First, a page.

• Make it easier for businesses to detect fraud and help target financial crime
  • Enable more detailed and better structured reference information
  • Improve analytics and decision-making


To adapt to the new messaging standard and accompanying data requirements, your organisation might have to make process and technology changes. You can find more guidance on this here.

Open Banking and the next wave of financial services

Businesses and customers expect frictionless, fast, secure, low-cost payments for customers in a way that unlocks new value through enhanced data and reduces fraud.

As regulators push payments providers (and increasingly network operators) for more openness, we believe the best route is through Open Banking services.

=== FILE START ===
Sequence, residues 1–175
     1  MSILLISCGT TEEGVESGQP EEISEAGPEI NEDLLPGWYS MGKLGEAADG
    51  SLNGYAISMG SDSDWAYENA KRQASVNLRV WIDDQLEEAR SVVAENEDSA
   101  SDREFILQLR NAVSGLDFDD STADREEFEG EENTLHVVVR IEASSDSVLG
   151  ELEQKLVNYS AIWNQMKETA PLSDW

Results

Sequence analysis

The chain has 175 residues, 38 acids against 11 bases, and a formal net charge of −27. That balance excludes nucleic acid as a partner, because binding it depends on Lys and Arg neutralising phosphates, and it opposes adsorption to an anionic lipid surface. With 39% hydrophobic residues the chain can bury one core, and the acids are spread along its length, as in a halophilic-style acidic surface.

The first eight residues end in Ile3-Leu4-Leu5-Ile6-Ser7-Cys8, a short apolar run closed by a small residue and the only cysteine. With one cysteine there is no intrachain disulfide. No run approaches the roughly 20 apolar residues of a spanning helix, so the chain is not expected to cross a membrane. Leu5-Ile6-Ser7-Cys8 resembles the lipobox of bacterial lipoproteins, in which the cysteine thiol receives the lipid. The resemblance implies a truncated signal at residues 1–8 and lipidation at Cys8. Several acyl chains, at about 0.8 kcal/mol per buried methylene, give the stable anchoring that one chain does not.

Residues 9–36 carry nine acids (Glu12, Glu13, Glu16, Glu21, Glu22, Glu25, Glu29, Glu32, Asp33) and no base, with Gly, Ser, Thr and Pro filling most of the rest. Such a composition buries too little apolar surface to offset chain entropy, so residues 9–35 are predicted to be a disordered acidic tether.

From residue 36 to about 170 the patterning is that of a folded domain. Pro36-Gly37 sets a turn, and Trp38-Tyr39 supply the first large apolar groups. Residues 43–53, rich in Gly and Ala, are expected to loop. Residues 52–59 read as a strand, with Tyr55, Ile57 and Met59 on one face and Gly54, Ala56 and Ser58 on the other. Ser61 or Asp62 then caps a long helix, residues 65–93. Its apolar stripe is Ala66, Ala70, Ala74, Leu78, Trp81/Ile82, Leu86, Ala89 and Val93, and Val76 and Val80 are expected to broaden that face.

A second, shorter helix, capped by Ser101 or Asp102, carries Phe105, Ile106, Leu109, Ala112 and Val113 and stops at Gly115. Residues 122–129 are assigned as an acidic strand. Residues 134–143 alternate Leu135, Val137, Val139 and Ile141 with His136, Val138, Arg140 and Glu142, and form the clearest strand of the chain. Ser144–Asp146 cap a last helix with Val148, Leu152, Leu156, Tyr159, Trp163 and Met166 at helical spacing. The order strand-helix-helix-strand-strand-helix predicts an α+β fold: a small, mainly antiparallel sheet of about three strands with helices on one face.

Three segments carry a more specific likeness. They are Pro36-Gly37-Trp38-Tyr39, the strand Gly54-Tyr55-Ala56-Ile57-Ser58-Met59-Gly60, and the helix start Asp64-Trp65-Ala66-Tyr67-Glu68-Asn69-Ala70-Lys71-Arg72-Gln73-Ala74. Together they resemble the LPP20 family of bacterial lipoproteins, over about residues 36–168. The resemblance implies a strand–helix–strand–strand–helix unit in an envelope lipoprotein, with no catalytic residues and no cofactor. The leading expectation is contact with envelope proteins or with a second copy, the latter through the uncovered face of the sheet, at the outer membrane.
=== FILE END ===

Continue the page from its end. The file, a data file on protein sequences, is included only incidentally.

Realising the benefits – better security, speed, efficiency, reporting and compliance – means ensuring payment partners invest in open infrastructure that complies with the latest standards and frameworks including ISO 20022 (see above) and regulatory technical standards (RTS), and aligns to new central infrastructure requirements, which are transforming the payments landscape globally.

With Open Banking, financial institutions could meet the new demands of customers and update their own processes to be more agile and future fit.

Using data and new technologies to reduce ESG risk

Climate change is a complex challenge. As organisations respond to demands from stakeholders as well as authorities for better environmental, social and governance (ESG) reporting, there might be real benefits in standardising reporting.

Could distributed ledger technology (DLT) be part of a solution to transform ESG reporting? This can be a challenge in the best of times, not least when minimum data disclosure requirements differ widely across regions.